Pilots are human. They make mistakes – statistically not as often as most mortals – but they do screw up from time to time. No pilot wants to run out of fuel and land on a busy highway. No pilot wants to be involved in an accident. In fact, most of pilot training involves avoiding such troubles. It’s drilled into them that they be prepared for any flight condition, take every precaution, follow checklists and procedures and be ready for any emergency. It’s part of being a pilot.
That being said, highly trained, exceptionally prepared airline pilots have managed to land on the wrong runway at the wrong airfield at least one hundred and fifty times in the past twenty years.
When a misstep leads to a mishap, pilots are subject to investigation by the FAA (Federal Aviation Administration) and if serious enough, the NTSB (National Transportation Safety Board). In that case, the airman becomes the subject of investigation “relating to the approval, denial, suspension, modification or revocation “of his or her certificate. No pilot wants that!
Momma Never Said There Would Be Days Like This.
Since pilots love being in control and fear losing their certificates more than anything, imagine their frustration if, while under investigation, they were denied access to air traffic data or to any flight data that could help defend their actions. Imagine how helpless they would feel if they had no access to what was being said about them – or if they really could not voice any objections until the case was closed and they could appeal. Doesn’t sound very American, does it? Well, that’s the way it was in America until recently.
How Many Senators Does It Take To Right A Wrong?
Legislation to protect a pilot’s rights began the day Oklahoma Senator and private pilot James Inhofe landed his twin engine Cessna on a closed Texas runway in October, 2010 and became the subject of an FAA investigation. The Senator admits landing on the closed runway was a mistake, especially since it had construction crews on it at the time. He will also tell you he didn’t realize the runway at Port Isabel-Cameron Country, Texas was closed or that people were working on it. Apparently he hadn’t noticed, read or heeded the NOTAM (Notice to Airman) about the runway closure.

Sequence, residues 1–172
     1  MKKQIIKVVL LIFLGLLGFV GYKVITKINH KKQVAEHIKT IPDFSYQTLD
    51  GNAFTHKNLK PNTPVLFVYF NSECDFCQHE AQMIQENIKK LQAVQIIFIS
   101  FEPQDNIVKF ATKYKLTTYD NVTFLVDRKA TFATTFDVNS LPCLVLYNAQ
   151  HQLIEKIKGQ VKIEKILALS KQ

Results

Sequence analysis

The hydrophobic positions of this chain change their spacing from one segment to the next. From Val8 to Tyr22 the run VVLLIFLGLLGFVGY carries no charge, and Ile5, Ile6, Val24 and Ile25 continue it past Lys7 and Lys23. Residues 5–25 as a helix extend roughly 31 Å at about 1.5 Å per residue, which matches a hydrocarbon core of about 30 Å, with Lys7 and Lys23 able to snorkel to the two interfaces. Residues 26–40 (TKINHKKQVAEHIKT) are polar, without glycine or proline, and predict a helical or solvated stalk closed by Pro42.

The problem for the Senator was not the mistake but the mistreatment that followed. Senator Inhofe learned firsthand what American pilots go through when under investigation by the Federal Government. The U.S. Senator felt as though he had no rights and no say in the way the investigation was conducted. The result of the infraction was mandatory remedial training which further fueled the Senator’s ire. Good thing, too! Because the whole incident got him angry enough to write a Pilot’s Bill of Rights, get it approved with bipartisan support from 65 U.S Senators and get it signed into law by President Obama before the end of summer in 2012.
It Took An Act Of Congress!
In the old days, the National Transportation Safety Board used to defer to the FAA for interpretation of their own rules when it came to determining the ramifications of pilot error. The Pilot’s Bill of Rights or as Congress calls it “Public Law 112-153”, eliminates the deference to the FAA and gives both FAA or NTSB equal weight in deciding the fate of the airman’s certificate. While that doesn’t sound very helpful, it does provide for more than one view of the situation and could have an impact if the NTSB were to find an interpretation of the FAA rules capricious or arbitrary as it relates to an individual case.